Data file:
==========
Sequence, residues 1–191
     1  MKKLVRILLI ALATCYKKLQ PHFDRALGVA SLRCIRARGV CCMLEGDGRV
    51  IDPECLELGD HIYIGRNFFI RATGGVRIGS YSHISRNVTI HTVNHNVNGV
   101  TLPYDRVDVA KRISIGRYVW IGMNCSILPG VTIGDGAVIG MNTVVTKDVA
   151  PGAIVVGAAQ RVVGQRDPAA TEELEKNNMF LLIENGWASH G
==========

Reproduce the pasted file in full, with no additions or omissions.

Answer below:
Sequence, residues 1–191
     1  MKKLVRILLI ALATCYKKLQ PHFDRALGVA SLRCIRARGV CCMLEGDGRV
    51  IDPECLELGD HIYIGRNFFI RATGGVRIGS YSHISRNVTI HTVNHNVNGV
   101  TLPYDRVDVA KRISIGRYVW IGMNCSILPG VTIGDGAVIG MNTVVTKDVA
   151  PGAIVVGAAQ RVVGQRDPAA TEELEKNNMF LLIENGWASH G